Cosmic Reionization after Planck: The Derived Growth of the Ionizing Background now matches the Growth of the Galaxy UV Luminosity Density

Bouwens, R. J.; Illingworth, G. D.; Oesch, P. A.; Caruana, J.; Holwerda, B.; Smit, R.; Wilkins, S.

Abstract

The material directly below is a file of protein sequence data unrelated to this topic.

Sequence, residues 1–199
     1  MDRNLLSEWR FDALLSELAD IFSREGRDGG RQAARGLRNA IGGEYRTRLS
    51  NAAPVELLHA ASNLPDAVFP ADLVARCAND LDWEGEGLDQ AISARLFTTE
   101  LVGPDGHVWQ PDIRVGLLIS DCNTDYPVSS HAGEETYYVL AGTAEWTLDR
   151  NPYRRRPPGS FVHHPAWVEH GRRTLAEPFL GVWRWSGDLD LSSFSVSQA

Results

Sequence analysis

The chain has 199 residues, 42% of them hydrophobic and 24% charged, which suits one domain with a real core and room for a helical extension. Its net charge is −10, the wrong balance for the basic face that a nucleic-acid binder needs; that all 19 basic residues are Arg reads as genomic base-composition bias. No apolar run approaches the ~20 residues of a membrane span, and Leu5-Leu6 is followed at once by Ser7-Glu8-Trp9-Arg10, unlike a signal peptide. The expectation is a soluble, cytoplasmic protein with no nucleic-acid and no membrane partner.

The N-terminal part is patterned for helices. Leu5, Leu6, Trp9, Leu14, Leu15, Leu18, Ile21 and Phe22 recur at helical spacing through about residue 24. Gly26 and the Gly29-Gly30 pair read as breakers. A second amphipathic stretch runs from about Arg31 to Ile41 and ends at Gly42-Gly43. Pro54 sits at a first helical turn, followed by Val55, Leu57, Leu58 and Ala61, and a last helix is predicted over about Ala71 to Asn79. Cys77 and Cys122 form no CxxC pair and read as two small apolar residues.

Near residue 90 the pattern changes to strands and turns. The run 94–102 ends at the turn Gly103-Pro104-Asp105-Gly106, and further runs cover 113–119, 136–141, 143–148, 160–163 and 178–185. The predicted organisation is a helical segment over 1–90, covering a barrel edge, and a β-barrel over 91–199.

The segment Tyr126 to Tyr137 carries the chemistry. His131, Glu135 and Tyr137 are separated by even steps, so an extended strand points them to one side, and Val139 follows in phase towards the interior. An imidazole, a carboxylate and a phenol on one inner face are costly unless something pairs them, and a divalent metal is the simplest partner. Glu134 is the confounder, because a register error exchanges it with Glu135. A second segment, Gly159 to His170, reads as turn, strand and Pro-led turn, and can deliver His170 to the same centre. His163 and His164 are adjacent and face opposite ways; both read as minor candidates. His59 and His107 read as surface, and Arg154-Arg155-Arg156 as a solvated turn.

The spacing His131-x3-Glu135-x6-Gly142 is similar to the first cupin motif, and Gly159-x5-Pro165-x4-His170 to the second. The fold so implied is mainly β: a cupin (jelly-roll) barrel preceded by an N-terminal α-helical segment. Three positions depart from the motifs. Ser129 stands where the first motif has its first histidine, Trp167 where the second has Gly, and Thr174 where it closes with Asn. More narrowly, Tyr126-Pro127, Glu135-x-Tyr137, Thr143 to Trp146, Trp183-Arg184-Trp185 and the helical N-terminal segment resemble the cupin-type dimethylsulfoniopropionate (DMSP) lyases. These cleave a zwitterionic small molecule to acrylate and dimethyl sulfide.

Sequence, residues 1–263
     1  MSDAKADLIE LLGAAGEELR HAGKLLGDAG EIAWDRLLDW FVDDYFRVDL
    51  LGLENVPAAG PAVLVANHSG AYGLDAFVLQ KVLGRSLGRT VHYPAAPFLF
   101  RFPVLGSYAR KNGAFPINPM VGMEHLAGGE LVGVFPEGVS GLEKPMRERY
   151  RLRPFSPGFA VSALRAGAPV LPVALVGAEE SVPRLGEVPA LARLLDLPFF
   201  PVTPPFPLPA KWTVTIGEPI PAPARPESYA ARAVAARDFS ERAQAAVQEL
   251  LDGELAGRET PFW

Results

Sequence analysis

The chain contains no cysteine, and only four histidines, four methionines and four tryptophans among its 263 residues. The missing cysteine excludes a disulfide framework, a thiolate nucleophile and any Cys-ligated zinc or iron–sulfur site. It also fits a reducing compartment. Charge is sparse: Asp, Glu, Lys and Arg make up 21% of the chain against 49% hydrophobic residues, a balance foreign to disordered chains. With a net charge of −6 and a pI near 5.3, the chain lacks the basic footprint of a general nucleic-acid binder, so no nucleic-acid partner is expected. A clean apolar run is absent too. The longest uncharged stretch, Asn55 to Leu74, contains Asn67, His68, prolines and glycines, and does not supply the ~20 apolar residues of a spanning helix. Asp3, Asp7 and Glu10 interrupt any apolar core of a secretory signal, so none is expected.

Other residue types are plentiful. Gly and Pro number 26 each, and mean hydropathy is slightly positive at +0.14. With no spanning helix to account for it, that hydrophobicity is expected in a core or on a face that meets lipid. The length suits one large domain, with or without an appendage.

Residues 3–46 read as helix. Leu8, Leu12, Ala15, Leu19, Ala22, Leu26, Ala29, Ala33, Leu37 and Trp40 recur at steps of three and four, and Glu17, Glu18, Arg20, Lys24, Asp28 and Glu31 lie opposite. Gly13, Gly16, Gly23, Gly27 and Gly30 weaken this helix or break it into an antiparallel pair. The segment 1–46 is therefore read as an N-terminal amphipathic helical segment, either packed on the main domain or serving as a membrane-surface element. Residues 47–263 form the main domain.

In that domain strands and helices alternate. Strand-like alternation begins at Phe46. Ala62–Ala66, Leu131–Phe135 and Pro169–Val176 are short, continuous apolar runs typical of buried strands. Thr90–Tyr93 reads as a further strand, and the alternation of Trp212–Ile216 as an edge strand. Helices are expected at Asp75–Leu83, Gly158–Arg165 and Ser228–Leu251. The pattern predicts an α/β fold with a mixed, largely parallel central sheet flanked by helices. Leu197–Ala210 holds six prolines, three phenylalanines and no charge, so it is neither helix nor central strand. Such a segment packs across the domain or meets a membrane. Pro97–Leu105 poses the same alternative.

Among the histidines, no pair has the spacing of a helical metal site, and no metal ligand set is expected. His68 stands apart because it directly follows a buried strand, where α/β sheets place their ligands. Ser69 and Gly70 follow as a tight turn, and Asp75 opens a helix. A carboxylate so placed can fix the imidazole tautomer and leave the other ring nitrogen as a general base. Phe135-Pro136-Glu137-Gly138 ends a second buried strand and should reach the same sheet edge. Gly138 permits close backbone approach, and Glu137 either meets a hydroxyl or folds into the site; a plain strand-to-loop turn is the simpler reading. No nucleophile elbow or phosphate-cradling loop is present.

Thomson optical depth measurements from Planck provide new insights into the reionization of the universe. To obtain new model-independent constraints on the properties of the ionizing sources, we determine the empirical evolution of the ionising background. We use a simple two-parameter model to map out the evolution in this background at z>~6 from the new Planck optical depth tau measurements and from the constraints provided by quasar absorption spectra and the prevalence of Ly-alpha emission in z~7-8 galaxies. We find the redshift evolution in the ionising background N_{ion} required by the observations to be dlog_{10} N_{ion}/dz(z=8)=-0.19_{-0.11}^{+0.09}, largely independent of the assumed clumping factor C_{HII} and entirely independent of the identity of the ionizing sources. The trend in N_{ion} is well-matched by the evolution of the galaxy UV-luminosity density (dlog_{10} rho_{UV}/dz=-0.11+/-0.04) to a magnitude limit >~-13 mag, suggesting that galaxies are the sources that drive the reionization of the universe. The role of galaxies is further strengthened by the conversion from the UV luminosity density to N_{ion}(z) being possible for physically plausible values of the escape fraction f_{esc}, the Lyman-continuum photon production efficiency xi_{ion}, and faint-end cut-off M_{lim} to the LF. Lastly, we use the inferred evolution in the ionizing background to estimate the z~10 UV luminosity density, finding this luminosity density to be 12_{-7}^{+21}x lower than at z~6, consistent with current measurements at z~10. Quasars/AGN appear to match neither the redshift evolution nor normalization of the ionizing background. This new approach of contrasting the inferred evolution of the ionising background with that of the galaxy UV luminosity density adds to the growing observational evidence that galaxies are the sources that drive the reionization of the universe.

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